Adapted from a nasty blog post I wrote back in 2020

Polyiamonds are tricky. Even the smaller sets seem harder than their similarly-sized polyomino counterparts. Hexiamonds, for example. There's 12 of them, same as the pentominoes, and in a geometric sense they don't seem any more jagged or otherwise unruly, but for whatever reason solving anything with them seems a lot harder.
I mean, it could just be that I'm more used to polyominoes and that a sort of intuition for other polyforms would build naturally with time. And with polyominoes I know all the handy tips and tricks, which pieces (or types of pieces) are most useful in which situations, whereas with polyiamonds I don't have that (yet).
With larger sets of polyominoes, (i.e. hexominoes and above) a technique emerges of saving the more cooperative shapes for the end game, and as the sets get larger this pool of 'nice' pieces increases rapidly in size. But with (say) octiamonds it's not so obvious which shapes are the most useful. They're all pretty hideous, actually, at least to the untrained eye. The little hexagon made of six triangles is the closest analogue I can think of to the 2x2 square block that makes for nicely-behaved polyominoes. But there are only 4 out of 66 octiamonds which contain it and even these 4 pieces don't play especially nicely together with each other.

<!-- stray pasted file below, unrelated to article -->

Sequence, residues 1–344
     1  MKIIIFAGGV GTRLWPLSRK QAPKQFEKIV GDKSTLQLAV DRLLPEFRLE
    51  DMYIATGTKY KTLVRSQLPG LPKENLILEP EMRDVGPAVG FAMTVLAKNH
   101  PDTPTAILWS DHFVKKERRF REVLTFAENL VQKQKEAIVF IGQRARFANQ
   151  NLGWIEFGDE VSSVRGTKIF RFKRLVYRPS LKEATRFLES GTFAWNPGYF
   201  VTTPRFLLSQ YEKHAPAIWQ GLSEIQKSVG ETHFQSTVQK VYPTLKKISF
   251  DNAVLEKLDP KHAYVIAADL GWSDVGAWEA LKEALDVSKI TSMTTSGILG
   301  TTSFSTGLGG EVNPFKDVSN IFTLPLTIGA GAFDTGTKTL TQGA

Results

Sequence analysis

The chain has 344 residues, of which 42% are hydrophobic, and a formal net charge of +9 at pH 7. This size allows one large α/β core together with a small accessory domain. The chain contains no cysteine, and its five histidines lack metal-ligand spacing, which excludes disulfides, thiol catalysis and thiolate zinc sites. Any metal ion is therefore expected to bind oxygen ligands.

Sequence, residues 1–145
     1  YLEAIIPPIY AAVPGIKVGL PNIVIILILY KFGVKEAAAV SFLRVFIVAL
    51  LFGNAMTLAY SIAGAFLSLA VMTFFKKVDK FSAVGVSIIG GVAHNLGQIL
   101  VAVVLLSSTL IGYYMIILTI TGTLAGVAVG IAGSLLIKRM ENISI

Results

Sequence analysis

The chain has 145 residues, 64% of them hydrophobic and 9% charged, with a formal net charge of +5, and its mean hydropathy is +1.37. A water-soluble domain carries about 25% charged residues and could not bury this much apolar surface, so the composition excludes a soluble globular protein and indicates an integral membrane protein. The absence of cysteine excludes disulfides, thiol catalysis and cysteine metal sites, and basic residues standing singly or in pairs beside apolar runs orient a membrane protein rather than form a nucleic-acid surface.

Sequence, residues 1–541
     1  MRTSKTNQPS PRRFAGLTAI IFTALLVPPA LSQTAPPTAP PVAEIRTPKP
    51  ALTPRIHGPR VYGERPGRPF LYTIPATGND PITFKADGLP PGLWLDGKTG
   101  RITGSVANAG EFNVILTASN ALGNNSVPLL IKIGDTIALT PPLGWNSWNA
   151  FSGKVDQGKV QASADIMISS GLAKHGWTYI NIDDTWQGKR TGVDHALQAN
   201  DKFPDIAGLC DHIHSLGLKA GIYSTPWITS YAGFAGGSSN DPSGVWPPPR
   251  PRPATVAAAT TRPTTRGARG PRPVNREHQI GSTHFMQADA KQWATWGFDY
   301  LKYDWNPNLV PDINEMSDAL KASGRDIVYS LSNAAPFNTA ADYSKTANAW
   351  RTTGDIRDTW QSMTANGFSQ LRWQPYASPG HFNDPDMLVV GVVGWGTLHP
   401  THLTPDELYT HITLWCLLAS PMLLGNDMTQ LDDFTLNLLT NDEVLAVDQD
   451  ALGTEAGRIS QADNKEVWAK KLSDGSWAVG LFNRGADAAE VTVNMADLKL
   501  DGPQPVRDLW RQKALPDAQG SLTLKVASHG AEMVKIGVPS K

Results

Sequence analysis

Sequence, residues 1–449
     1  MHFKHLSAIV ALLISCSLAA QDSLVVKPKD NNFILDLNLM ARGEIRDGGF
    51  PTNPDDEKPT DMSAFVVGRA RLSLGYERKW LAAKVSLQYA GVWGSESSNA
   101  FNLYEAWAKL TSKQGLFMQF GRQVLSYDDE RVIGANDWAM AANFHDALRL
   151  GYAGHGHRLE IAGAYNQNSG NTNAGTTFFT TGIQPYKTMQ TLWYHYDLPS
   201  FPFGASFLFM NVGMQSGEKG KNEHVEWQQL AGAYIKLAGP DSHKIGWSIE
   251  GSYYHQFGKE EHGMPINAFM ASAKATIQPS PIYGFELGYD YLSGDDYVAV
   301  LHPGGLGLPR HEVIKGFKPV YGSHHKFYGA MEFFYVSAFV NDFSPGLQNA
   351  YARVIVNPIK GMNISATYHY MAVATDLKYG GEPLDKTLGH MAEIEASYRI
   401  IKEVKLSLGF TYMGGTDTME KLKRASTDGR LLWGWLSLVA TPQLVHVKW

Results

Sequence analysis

The solution below was the result of about an hour and a half of stumbling about cluelessly followed by a flash of pure luck.

Another fun fact: Drawing these out neatly is really hard too. Pixel art and triangles don't mix too well.

And the solution below, found in May 2020, took longer still. From the old site, "I solved the bottom edge first, and the rest followed, four hours later...".

Fig. 2: Equilateral triangle with edge length 23.

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Lewis Patterson. Last updated 18/06/2022.